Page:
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Stay the Course with Disinfecting

Despite new CDC guidelines, now's not the time to make reductions in your cleaning programs.

By Dan Weltin, Editor-In-Chief  

The Centers for Disease Control and Prevention (CDC) recently came out with revised guidelines related to coronavirus transmission on surfaces. The CDC finds the risk of infection from touching surfaces to be low compared to direct contact, droplet transmission or airborne transmission. As a result, the CDC now recommends daily cleaning only. Frequent disinfecting is only suggested if there is high transmission of COVID-19 in the community or occupants are not wearing masks or washing hands often. 

Despite these guidelines, I'd caution facility managers from making reductions in their cleaning programs. Cleaning frequencies were likely too low prior to the pandemic and any increases you made brought you closer to what you should have been doing already. 

As employees return to the office, they may social distance at first. But eventually, we will return to normal and occupants will be collaborating, socializing, and touching everything from the door handle to the elevator button to the coffee pot. Pandemic or not, viruses will continue to plague facilities, living on surfaces from days to weeks. Without proper and frequent disinfecting, occupants will get sick — and that costs facilities money. Sick employees (both those who are absent and who come to the office sick) cost the U.S. economy $227 billion each year because of lost productivity.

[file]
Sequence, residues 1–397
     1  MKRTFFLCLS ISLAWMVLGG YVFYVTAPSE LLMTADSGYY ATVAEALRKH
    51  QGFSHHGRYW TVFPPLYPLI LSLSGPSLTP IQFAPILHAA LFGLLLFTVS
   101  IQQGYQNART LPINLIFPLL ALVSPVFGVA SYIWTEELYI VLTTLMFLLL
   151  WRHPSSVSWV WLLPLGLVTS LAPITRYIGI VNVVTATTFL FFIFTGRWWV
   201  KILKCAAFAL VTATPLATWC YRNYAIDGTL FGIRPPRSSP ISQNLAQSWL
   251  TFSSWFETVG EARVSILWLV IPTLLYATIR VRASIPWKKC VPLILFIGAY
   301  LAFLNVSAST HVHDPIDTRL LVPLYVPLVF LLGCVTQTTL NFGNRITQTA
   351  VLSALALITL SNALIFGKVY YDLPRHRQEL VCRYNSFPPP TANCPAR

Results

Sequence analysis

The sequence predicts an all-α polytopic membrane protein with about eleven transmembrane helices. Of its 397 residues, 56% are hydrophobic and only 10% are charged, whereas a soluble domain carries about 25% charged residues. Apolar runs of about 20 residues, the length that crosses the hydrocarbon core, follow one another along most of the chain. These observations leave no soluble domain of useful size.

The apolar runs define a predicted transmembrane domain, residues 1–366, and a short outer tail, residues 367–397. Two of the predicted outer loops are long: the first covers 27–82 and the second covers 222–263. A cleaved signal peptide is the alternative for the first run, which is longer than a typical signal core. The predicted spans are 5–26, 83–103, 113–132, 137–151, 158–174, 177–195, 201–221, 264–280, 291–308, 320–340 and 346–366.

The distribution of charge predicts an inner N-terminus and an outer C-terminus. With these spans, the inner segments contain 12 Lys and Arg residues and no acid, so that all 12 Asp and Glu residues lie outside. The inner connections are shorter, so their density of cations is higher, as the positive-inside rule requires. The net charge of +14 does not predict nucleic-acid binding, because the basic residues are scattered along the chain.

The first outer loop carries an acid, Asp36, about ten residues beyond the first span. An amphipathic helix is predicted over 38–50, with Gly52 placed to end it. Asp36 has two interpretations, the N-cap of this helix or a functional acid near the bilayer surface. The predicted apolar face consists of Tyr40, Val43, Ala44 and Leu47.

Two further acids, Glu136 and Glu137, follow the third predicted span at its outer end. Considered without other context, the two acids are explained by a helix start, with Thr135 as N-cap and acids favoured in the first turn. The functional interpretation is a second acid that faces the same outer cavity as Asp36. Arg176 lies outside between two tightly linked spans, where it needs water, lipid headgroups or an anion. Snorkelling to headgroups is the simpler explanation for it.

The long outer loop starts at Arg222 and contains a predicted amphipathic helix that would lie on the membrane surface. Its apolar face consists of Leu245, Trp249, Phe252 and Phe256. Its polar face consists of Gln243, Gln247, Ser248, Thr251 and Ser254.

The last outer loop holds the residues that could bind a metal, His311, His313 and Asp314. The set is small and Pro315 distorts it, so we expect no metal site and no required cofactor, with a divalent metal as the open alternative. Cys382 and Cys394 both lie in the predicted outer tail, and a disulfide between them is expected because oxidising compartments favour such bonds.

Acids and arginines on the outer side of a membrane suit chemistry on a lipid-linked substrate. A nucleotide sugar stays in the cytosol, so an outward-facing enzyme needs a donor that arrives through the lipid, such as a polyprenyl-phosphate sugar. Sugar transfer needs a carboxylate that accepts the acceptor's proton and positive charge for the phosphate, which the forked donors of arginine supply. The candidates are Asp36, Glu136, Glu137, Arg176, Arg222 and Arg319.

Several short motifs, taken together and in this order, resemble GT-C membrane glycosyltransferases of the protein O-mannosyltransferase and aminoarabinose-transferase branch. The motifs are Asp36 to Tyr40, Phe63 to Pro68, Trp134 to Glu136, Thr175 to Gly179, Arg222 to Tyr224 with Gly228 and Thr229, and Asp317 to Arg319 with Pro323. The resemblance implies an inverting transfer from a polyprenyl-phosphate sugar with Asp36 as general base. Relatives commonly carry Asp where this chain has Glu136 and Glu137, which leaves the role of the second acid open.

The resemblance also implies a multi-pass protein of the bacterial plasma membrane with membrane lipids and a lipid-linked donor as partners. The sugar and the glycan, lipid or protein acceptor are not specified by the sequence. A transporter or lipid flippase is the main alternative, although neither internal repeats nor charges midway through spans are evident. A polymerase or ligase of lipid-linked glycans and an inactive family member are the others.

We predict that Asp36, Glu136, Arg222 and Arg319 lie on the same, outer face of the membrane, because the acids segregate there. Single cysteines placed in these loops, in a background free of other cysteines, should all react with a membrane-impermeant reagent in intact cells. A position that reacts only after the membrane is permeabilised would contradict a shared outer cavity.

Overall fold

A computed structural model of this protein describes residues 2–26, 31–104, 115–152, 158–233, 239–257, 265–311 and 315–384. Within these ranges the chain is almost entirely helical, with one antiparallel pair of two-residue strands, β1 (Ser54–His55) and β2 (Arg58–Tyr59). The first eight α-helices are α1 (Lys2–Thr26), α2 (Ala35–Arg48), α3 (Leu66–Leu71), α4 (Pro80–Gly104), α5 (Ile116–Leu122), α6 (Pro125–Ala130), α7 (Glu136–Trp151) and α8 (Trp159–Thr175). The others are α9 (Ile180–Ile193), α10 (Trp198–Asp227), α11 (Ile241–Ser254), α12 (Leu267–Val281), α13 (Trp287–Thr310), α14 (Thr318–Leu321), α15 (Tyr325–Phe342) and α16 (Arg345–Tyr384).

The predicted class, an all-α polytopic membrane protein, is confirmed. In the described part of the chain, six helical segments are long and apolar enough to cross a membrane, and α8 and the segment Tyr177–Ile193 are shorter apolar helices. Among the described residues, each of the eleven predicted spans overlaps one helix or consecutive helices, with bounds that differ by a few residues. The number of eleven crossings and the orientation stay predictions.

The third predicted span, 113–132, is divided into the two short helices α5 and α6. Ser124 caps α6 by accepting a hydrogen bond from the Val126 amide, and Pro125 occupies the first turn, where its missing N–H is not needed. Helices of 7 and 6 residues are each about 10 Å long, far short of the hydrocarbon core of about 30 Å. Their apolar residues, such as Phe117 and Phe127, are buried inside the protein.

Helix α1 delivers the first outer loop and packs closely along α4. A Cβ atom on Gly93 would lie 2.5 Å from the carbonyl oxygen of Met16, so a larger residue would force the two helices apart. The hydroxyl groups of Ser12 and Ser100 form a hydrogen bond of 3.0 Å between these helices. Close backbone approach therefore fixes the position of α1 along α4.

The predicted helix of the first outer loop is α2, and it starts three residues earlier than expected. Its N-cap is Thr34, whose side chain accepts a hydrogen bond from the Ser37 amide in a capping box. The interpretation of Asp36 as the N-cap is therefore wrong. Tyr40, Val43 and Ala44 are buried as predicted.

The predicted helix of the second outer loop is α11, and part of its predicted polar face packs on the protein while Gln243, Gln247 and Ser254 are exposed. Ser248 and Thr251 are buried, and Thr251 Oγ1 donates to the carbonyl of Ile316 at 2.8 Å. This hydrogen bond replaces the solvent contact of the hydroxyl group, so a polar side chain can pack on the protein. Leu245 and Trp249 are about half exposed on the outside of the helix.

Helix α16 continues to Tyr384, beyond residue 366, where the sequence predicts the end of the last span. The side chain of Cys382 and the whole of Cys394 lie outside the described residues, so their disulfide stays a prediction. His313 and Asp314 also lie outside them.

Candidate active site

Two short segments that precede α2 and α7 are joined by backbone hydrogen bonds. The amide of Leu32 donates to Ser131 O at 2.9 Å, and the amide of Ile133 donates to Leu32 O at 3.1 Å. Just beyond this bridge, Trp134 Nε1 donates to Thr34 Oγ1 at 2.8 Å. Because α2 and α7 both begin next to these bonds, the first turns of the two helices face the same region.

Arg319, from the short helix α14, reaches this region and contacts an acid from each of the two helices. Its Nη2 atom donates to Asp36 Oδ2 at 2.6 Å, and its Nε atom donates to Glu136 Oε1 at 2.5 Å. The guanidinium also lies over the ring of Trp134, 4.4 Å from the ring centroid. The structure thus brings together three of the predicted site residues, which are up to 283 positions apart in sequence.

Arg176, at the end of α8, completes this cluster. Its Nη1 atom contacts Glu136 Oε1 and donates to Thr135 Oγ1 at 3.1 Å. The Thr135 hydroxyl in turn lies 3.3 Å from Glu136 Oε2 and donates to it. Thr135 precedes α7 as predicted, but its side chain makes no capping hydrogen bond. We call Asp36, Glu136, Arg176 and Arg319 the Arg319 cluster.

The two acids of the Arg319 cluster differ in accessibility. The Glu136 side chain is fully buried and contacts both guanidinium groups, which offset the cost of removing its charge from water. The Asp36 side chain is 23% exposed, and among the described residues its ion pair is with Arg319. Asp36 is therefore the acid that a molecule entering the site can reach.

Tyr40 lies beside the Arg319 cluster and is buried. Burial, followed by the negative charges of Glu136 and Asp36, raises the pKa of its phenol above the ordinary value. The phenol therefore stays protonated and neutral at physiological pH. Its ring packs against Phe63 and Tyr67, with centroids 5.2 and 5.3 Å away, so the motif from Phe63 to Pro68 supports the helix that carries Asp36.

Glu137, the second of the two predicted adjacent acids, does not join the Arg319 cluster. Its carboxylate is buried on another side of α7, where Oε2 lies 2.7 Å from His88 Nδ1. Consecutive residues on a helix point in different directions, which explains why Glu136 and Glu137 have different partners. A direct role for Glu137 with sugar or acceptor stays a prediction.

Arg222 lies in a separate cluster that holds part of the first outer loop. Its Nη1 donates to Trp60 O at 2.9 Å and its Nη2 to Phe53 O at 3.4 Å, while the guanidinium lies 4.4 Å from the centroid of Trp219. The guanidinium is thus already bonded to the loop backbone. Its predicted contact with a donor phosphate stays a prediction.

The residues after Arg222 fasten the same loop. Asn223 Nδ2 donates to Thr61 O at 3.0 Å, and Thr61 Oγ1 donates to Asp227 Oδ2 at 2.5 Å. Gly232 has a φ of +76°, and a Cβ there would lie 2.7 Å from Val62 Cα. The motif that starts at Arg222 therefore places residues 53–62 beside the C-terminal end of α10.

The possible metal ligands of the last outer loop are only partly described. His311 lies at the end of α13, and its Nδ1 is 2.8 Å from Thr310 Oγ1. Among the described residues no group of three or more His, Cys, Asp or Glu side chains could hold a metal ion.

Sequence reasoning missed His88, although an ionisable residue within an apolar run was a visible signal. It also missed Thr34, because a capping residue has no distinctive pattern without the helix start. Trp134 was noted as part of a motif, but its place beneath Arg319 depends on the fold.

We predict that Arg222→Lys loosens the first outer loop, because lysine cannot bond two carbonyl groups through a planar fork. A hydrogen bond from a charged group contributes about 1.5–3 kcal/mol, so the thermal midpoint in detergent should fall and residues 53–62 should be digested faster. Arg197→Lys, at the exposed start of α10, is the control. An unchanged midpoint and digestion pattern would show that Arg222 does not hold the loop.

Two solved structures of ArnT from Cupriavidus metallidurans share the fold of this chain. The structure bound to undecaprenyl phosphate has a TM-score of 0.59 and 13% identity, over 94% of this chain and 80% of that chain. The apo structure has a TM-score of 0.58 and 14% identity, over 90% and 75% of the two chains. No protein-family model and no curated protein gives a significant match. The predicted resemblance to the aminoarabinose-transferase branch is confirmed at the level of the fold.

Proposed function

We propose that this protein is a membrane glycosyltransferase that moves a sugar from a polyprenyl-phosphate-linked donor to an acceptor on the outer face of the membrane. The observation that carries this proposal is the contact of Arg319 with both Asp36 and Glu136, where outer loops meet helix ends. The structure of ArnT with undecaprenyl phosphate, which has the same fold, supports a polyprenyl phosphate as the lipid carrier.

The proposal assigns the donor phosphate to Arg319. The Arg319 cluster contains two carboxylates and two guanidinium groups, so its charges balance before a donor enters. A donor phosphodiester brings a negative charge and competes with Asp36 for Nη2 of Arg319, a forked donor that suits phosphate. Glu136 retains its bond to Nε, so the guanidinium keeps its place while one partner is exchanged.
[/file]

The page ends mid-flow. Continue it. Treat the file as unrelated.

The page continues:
As we transition from the pandemic to the "new normal," re-examine your cleaning priorities. Talk to your in-house cleaning manager or building service contractor to make sure spaces are cleaned and disinfected often enough to keep occupants healthy. If you need to offset these costs, there are likely cuts that can be made in other areas, such as spot cleaning windows and entryways — essentially, anywhere you are cleaning for appearance. Keep up the best practices learned during the pandemic and put the focus on health, rather than shiny surfaces. 

Dan Weltin

Editor-in-Chief, Facility Market

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  posted on 5/4/2021   Article Use Policy

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